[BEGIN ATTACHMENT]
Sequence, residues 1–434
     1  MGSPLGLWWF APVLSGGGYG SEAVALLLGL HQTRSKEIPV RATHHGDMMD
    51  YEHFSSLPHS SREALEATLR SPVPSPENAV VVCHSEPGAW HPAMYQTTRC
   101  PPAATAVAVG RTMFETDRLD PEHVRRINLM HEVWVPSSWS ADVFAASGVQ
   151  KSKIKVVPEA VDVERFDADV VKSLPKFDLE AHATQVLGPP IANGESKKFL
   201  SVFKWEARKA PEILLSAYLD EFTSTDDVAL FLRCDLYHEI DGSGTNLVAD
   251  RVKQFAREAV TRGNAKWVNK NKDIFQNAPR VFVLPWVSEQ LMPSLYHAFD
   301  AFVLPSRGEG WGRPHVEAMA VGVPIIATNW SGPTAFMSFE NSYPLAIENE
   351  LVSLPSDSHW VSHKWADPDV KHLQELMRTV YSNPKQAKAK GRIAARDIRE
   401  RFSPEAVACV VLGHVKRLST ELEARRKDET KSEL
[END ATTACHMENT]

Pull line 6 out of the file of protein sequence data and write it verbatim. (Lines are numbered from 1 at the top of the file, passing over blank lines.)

   201  SVFKWEARKA PEILLSAYLD EFTSTDDVAL FLRCDLYHEI DGSGTNLVAD